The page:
“Have a back-up plan.” – Matt Abercromby
The idea of developing a backup plan tends to divide people.
On one hand, there’s something to be said for having an ace in the hole. Matt himself says that having an income from marketing let him go to auditions for acting gigs without sweating. It gave him the confidence to be a bit more reckless.
In Matt’s experience, casting directors notice desperation – it can hold you back from fully inhabiting a role – and few things tend to make you as desperate as a make-or-break situation, when you need to land the role or get evicted. Or starve.
“Don’t rush into anything,” Matt suggests.
On the other, actor George Clooney is known for his response to his father when the elder Clooney advised George on having a backup plan in case acting didn’t worked out.
“If I have a fall-back plan,” George said, “I’ll fall back.”
Worldwide singing star Seal also gave his protegees on the first season of The voice Australia similar advice – he handed them all a folded piece of paper which he told them all to open at the same time.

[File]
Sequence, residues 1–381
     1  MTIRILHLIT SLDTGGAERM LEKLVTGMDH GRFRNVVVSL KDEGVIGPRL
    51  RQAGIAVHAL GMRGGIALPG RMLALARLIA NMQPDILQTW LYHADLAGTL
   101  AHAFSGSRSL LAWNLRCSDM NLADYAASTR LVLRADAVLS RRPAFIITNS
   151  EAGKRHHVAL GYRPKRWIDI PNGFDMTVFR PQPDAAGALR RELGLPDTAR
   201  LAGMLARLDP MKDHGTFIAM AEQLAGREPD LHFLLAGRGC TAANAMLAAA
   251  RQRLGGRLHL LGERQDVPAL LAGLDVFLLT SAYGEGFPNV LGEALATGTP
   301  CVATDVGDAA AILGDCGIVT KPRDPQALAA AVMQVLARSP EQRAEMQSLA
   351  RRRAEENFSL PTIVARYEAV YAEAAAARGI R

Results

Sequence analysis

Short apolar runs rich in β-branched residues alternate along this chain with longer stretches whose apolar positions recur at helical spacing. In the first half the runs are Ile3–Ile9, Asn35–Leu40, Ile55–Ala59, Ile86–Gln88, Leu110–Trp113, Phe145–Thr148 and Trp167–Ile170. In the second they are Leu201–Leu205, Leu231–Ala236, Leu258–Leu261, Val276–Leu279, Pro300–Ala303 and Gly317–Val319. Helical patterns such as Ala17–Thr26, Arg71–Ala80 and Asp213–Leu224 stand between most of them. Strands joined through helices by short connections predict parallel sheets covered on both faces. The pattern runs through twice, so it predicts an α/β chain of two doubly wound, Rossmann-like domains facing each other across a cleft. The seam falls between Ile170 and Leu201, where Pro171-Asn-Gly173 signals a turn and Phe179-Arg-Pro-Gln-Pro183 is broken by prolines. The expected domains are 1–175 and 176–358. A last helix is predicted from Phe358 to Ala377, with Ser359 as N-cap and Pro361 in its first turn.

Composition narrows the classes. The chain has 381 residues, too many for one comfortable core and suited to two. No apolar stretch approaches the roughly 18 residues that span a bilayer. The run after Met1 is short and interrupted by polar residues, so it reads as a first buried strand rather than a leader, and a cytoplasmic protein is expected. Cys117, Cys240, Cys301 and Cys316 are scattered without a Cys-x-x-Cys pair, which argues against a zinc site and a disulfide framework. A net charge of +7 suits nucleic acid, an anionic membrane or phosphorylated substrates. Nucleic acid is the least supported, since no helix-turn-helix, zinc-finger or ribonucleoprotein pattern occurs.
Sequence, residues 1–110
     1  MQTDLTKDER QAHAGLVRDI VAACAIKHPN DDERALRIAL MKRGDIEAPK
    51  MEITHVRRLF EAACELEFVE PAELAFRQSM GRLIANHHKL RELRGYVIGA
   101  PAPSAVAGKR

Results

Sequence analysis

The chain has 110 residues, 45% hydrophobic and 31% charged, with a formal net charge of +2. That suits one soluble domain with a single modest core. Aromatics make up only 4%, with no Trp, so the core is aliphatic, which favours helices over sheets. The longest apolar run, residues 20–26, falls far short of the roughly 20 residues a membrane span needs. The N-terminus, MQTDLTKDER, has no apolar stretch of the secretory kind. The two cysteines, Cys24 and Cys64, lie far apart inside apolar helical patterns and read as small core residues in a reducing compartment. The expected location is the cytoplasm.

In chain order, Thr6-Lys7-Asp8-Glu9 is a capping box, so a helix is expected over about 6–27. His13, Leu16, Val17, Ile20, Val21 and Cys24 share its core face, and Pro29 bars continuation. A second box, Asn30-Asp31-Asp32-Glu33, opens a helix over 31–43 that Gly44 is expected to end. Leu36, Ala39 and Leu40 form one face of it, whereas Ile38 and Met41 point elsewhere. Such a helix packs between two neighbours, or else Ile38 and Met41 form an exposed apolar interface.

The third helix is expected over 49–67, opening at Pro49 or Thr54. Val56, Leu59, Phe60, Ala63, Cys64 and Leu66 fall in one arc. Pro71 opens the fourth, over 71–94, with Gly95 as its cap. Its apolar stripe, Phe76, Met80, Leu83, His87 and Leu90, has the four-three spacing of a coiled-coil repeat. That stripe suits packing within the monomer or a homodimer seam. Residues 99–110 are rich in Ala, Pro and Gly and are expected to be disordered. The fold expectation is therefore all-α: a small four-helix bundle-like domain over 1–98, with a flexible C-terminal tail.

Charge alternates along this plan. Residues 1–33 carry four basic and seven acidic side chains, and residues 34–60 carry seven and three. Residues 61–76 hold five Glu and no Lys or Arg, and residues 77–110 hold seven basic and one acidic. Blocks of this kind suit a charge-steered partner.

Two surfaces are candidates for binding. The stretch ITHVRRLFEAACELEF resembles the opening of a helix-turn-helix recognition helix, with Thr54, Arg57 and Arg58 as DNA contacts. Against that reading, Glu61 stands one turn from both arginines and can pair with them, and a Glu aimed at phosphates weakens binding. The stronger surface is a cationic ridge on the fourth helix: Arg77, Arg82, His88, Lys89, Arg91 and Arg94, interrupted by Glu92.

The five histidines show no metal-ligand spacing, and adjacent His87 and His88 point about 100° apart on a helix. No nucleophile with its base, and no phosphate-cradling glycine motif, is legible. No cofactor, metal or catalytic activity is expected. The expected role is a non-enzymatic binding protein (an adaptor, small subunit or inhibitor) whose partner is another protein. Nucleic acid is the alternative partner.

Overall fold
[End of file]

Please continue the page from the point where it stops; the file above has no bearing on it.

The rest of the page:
On each piece of paper were the same words: There is nothing but this.
It’s a tricky situation. A backup plan accepts that the world is bigger than you. That no matter how good you are, it’s possible that someone else could be better on the day, or simply more in line with the vision that the people hiring you have for the work they need done.
Yet it could also lead to deciding that it’s okay to not give your all.
Committing yourself fully to something requires a lot of trust in yourself. That other opportunities will appear even if this one doesn’t work out and that you’ll handle everything else that comes along in the meantime.
Yet it can also push you to give of yourself like nothing else could.
My opinion? Rather than make a “main plan” and a “backup,” create two things that you love doing about as much as each other and that can each cover your living expenses. Maybe they’re writing and podcasting. Maybe they’re acting and marketing.
Whatever they are, make sure that neither feels like the “lesser” or “settling” option – so that you’re stepping sideways instead of falling back.